Missense Mutations in Plakophilin-2 Cause Sodium Current Deficit and Associate with a Brugada Syndrome Phenotype.
Brugada syndrome (BrS) is a inherited disease that can cause sudden death in the young people (<35 years old). This heart disease primarily associates with loss of sodium channel function. one type of heart cell-cell junctional proteins is named desmosome. Previous studies showed inherited mutations in desmosomal proteins lead to sodium current deficits in hearts of patients diagnosed with arrhythmogenic cardiomyopathy (or arrhythmogenic right ventricular dysplasia/ cardiomyopathy). Several experimental models have showed correlation between loss of expression of desmosomal protein plakophilin-2 (PKP2) and reduced sodium currents. In this study, we identified 5 patients with PKP2 mutations from 200 patients with Brugada syndrome. These 5 patients have no other known Brugada-linked genetic muations. We found that the sodium currents are small in a mouse atrial cell line and in a human ARVD/C patient-specific stem cell line that have defective PKP2. Wild-type PKP2, but not Brugada mutant PKP2, can rescue their sodium channel deficits. Super-resolution microscopy in mouse PKP2-deficient heart cells related sodium current deficiency to the reduced number of sodium channels at a specific cell-cell junction and to increased separation of microtubules from the cell-end. This is the first systematic retrospective analysis of a patient group to define the co-existence of sodium channel deficits and genetic PKP2 variations. PKP2 mutations may be a molecular substrate leading to the diagnosis of Brugada syndrome.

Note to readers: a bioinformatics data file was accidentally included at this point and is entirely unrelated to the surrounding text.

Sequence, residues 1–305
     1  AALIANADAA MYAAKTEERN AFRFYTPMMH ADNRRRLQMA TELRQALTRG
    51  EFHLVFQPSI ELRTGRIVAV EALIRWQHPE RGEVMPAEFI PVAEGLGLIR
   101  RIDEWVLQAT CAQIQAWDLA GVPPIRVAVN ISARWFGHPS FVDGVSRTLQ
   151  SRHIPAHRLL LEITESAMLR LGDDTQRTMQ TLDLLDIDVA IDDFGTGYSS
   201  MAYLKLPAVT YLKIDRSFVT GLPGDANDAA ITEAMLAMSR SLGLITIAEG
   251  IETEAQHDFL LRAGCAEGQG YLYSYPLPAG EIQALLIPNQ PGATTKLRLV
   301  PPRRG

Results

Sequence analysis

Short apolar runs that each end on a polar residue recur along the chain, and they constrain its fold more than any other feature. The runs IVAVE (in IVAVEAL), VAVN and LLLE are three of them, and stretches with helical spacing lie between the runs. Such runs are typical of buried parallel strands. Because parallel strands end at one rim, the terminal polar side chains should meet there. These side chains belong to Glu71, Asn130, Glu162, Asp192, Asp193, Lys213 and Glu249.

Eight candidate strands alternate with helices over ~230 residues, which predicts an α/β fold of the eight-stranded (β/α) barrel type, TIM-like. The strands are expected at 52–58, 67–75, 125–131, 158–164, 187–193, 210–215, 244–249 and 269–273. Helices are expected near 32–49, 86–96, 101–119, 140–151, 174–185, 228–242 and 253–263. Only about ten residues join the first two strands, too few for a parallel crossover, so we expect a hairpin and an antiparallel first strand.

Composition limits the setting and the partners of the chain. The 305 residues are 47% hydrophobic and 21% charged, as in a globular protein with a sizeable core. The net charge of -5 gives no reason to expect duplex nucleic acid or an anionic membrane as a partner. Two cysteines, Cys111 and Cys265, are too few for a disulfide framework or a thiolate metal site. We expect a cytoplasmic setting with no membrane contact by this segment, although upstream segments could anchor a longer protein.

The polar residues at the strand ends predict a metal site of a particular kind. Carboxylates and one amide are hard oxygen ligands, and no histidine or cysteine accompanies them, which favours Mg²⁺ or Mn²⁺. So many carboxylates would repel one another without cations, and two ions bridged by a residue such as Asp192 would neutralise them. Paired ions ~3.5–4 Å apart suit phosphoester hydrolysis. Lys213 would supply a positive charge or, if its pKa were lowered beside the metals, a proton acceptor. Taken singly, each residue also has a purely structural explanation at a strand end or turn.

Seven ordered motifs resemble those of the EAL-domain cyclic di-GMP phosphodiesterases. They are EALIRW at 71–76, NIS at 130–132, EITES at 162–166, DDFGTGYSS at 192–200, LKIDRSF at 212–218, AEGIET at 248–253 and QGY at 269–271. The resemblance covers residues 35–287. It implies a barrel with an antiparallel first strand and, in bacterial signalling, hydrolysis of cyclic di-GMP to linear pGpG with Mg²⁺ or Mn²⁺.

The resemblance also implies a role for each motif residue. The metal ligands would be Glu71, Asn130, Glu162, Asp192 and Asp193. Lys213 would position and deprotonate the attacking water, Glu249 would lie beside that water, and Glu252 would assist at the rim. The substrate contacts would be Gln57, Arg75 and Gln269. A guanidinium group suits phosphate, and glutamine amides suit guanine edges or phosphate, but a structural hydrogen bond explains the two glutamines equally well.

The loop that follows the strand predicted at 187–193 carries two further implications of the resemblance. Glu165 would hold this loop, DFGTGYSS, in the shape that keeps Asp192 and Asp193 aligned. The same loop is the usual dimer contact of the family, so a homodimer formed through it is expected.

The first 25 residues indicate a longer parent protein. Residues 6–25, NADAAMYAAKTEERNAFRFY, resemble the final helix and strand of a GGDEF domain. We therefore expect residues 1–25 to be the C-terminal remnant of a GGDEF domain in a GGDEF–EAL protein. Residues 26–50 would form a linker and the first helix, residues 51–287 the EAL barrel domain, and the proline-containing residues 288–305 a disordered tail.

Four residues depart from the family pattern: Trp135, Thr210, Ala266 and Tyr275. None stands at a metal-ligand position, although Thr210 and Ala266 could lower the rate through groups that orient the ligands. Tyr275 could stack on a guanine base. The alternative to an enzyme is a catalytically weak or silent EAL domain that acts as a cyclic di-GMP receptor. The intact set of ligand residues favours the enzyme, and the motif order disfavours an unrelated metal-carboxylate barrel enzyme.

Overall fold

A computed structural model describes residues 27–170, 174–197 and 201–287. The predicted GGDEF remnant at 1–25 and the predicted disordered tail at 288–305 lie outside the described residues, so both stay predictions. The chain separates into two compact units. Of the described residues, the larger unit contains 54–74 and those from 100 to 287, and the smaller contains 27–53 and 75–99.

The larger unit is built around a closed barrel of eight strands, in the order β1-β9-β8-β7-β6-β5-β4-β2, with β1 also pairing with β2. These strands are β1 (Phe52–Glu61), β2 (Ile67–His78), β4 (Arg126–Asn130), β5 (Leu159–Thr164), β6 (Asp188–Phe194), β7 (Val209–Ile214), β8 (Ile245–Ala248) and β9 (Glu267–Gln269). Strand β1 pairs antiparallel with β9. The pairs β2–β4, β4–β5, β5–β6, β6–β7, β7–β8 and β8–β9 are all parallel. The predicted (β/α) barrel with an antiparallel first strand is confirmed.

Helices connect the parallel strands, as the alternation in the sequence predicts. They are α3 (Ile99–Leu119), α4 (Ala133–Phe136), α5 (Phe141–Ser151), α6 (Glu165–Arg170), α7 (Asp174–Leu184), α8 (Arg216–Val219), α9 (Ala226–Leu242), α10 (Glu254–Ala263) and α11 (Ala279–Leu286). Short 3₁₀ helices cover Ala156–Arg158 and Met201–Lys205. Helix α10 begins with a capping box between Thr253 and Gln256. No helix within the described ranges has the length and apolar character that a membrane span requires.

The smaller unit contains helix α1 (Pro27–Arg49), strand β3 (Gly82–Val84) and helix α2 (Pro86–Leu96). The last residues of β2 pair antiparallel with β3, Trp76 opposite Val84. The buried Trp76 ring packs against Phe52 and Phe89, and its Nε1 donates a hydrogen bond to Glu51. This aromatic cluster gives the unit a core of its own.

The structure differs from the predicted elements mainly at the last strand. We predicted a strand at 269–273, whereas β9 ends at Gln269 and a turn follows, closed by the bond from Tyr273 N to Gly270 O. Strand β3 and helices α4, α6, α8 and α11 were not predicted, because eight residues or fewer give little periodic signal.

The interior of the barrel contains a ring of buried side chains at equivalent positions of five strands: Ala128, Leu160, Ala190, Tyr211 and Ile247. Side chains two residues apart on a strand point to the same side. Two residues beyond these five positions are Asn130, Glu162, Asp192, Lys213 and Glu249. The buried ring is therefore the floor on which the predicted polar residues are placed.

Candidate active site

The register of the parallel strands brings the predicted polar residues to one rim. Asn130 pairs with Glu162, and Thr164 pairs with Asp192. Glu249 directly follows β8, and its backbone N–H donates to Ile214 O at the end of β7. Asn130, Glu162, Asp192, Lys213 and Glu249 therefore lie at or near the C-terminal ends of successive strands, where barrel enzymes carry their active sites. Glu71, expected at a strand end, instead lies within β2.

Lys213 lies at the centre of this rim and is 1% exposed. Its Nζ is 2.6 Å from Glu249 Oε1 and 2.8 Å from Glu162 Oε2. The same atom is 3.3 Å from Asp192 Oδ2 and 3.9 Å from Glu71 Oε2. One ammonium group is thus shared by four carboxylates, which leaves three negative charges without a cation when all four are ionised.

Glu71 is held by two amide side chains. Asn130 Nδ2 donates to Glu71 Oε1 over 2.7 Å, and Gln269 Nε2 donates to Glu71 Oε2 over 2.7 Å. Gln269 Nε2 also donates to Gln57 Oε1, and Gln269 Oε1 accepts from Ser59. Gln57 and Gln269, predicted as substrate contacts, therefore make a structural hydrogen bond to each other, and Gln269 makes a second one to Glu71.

BACKGROUND: Brugada syndrome (BrS) primarily associates with loss of sodium channel function. Previous studies showed features consistent with sodium current (INa) deficit in patients carrying desmosomal mutations, diagnosed with arrhythmogenic cardiomyopathy (AC; or arrhythmogenic right ventricular cardiomyopathy, ARVC). Experimental models showed correlation between loss of expression of desmosomal protein plakophilin-2 (PKP2), and reduced INa. We hypothesized that PKP2 variants that reduce INa could yield a BrS phenotype, even without overt structural features. METHODS AND RESULTS: We searched for PKP2 variants in genomic DNA of 200 patients with BrS diagnosis, no signs of AC, and no mutations in BrS-related genes SCN5A, CACNa1c, GPD1L and MOG1. We identified 5 cases of single amino acid substitutions. Mutations were tested in HL-1-derived cells endogenously expressing NaV1.5 but made deficient in PKP2 (PKP2-KD). Loss of PKP2 caused decreased INa and NaV1.5 at site of cell contact. These deficits were restored by transfection of wild-type PKP2 (PKP2-WT), but not of BrS-related PKP2 mutants. Human induced pluripotent stem cell cardiomyocytes (hIPSC-CMs) from a patient with PKP2 deficit showed drastically reduced INa. The deficit was restored by transfection of WT, but not BrS-related PKP2. Super-resolution microscopy in murine PKP2-deficient cardiomyocytes related INa deficiency to reduced number of channels at the intercalated disc, and increased separation of microtubules from the cell-end. CONCLUSIONS: This is the first systematic retrospective analysis of a patient group to define the co-existence of sodium channelopathy and genetic PKP2 variations. PKP2 mutations may be a molecular substrate leading to the diagnosis of BrS.